- The Bank of England (BoE) voted to maintain the Bank Rate at 5.25%.
- Inflation has fallen from a peak of 11% in 2022 to 6.7% in September 2023 and is expected to fall further.
- GDP growth expectations were revised lower but upside risks to the inflation outlook were noted.
High enough for long enough
At its November Monetary Policy Committee meeting, the BoE voted to maintain the Bank Rate at 5.25%. The BoE’s Governor Andrew Bailey noted that inflation has fallen, and is expected to fall further this year and next year, while monetary policy is viewed as restrictive. Bailey was also keen to emphasise that there is no room for complacency as inflation remains too high, reiterating that the BoE will keep rates high enough for long enough to make sure inflation falls all the way back to 2%.
The BoE will be watching closely to see if further rate increases are needed, but even if they are not, policymakers believe it is much too early to be thinking about rate cuts. Part of the reason for remaining on hold is that the BoE thinks more than half of the rate hikes in the current cycle are yet to feed through to the economy.
This month’s meeting had a more dovish 6-3 split in favour of remaining on hold as Sarah Breeden, the new deputy governor for financial stability, favoured no hike. Her predecessor, Jon Cunliffe, voted for a 25 basis point rise in September.
Exhibit 1: UK bank rate on hold at 5.25%
Growth expected to be weaker
UK GDP is expected to be weaker than projected in the August Report . Some business surveys are pointing to a slight contraction of output in the fourth quarter but others are less pessimistic. The BoE points out that employment growth is likely to have softened over the second half of 2023, and to a greater extent than projected in the August Report. Falling vacancies and surveys indicating an easing of recruitment difficulties also point to a loosening in the labour market.
Exhibit 2: Bank of England modal GDP forecasts (% year-on-year) were revised significantly higher
Pay growth on the radar but inflation expected to fall
Pay growth has remained high across a range of indicators, although the recent rise in the annual rate of growth of private sector regular average weekly earnings has not been apparent in other series. The BoE noted the uncertainty about the near-term path of pay, but wage growth is nonetheless projected to decline in the coming quarters from these elevated levels.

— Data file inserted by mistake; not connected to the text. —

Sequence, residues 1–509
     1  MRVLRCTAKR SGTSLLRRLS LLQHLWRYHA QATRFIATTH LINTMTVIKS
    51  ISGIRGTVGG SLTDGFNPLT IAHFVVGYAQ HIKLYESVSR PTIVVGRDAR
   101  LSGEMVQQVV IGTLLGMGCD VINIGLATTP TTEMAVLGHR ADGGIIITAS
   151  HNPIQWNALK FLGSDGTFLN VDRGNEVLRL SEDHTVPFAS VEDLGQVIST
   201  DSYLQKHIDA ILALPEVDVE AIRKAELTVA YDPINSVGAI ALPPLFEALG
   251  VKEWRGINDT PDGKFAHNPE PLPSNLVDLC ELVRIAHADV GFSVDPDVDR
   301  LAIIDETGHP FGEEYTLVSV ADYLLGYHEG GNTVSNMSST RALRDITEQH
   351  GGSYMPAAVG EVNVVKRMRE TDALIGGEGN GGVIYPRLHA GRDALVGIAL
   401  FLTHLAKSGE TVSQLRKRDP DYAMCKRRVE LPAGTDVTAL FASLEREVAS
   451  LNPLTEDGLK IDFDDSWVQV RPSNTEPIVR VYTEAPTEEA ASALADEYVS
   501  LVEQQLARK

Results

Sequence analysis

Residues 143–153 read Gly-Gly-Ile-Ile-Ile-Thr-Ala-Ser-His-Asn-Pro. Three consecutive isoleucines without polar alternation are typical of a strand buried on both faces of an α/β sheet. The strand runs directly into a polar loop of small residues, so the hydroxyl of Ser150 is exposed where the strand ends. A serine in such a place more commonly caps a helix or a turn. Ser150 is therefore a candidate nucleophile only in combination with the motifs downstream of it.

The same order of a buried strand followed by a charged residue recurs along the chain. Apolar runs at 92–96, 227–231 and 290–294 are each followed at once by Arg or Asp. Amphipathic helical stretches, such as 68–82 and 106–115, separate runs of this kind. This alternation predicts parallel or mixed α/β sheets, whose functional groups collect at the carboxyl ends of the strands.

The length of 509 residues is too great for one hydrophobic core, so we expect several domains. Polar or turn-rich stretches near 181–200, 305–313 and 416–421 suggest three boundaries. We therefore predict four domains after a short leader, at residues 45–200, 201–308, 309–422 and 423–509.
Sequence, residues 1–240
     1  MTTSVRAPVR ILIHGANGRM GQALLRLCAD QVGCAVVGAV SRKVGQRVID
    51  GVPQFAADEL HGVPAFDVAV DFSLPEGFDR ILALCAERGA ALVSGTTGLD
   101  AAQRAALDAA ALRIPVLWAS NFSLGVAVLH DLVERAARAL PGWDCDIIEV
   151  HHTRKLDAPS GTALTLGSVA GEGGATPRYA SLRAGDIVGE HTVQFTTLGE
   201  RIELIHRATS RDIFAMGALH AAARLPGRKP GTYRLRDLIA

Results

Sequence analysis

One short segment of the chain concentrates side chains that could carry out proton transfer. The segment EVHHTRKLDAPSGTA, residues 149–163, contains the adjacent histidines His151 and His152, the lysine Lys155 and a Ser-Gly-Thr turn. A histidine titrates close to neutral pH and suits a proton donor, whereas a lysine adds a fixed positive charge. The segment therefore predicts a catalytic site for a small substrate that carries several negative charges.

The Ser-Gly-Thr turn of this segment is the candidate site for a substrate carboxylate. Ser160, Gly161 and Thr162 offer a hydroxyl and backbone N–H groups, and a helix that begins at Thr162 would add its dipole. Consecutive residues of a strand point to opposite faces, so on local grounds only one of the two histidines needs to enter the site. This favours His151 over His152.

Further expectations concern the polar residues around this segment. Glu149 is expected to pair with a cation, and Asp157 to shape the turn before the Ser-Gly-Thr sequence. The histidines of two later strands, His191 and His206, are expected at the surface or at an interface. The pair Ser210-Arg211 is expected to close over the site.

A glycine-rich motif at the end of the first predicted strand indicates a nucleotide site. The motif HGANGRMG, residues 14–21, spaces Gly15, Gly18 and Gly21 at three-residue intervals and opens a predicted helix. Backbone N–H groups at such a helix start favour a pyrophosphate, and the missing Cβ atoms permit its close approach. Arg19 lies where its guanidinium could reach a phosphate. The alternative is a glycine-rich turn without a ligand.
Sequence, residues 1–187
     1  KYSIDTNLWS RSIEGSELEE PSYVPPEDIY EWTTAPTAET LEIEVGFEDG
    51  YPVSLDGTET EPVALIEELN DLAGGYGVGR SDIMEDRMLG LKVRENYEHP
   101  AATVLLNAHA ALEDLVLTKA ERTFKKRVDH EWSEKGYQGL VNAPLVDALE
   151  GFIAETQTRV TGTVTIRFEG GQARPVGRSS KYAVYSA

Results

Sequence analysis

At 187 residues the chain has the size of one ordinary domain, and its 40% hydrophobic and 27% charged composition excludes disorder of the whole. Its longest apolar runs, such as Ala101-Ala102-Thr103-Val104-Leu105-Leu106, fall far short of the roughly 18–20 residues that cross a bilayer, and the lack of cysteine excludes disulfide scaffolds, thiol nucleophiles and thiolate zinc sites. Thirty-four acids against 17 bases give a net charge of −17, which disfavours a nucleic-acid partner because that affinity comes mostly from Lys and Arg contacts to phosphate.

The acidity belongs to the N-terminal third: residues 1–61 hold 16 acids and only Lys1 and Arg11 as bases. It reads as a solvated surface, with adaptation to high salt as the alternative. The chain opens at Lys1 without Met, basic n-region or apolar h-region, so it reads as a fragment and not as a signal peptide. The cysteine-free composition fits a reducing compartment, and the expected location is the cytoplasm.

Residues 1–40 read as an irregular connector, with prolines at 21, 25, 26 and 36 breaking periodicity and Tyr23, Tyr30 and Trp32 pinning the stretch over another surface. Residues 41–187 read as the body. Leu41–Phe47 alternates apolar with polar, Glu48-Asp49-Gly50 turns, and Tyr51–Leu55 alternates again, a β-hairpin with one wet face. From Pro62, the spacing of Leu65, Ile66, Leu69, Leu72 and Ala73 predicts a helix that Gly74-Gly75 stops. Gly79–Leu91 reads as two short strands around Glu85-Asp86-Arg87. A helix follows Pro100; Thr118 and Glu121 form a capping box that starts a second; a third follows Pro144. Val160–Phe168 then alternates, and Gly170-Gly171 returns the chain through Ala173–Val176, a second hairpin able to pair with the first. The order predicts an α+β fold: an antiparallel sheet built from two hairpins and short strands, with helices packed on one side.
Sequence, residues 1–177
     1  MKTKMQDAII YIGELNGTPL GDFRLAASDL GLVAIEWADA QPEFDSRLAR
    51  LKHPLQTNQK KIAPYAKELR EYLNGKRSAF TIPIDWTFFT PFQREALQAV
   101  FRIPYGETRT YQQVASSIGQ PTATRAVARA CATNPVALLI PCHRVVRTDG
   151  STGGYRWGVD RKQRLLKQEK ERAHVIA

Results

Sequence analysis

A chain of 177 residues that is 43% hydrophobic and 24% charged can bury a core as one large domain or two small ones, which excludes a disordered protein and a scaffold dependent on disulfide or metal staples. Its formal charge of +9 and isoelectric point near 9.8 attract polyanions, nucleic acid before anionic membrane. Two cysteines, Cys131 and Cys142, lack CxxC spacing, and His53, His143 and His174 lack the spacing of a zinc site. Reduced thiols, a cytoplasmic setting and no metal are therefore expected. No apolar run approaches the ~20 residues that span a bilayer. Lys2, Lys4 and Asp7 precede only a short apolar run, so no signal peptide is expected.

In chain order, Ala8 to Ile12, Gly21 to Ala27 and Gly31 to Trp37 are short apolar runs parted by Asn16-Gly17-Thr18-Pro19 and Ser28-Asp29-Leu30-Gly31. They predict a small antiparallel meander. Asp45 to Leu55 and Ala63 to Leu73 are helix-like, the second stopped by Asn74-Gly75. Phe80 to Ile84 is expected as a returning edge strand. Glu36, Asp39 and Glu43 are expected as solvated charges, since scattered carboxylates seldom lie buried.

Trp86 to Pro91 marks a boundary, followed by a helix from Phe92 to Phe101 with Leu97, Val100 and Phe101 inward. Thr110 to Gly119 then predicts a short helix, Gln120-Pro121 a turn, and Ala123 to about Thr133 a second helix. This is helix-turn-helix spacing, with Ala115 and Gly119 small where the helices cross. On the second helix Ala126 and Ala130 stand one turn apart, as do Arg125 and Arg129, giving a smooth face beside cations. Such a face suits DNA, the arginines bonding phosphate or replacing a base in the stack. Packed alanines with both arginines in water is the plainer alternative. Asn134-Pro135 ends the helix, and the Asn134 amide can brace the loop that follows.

Twelve-month consumer price index (CPI) inflation fell to 6.7% in September, below expectations in the August Report. This fall was largely due to lower-than-expected core goods price inflation. A further decline in inflation is expected to be accounted for by lower energy, core goods and food price inflation and, beyond January, by some easing in services inflation.
The Monetary Policy Committee continues to judge that the risks to its inflation projection are skewed to the upside. The mean projection for CPI inflation is 2.2% and 1.9% at the two- and three-year horizons, respectively. Conditioned on the alternative assumption of constant interest rates at 5.25%, which is a higher profile than the market expects beyond the second half of 2024, mean CPI inflation would be expected to return to target in two years’ time and fall to 1.6% at the three-year horizon.
Liquidity strategies continue to benefit from the rapid rise in rates over the past couple of years. With the increased conviction that the UK is at peak rates, we believe investors should continue to prioritise a disciplined approach to cash segmentation across both liquidity and ultra-short term cash strategies.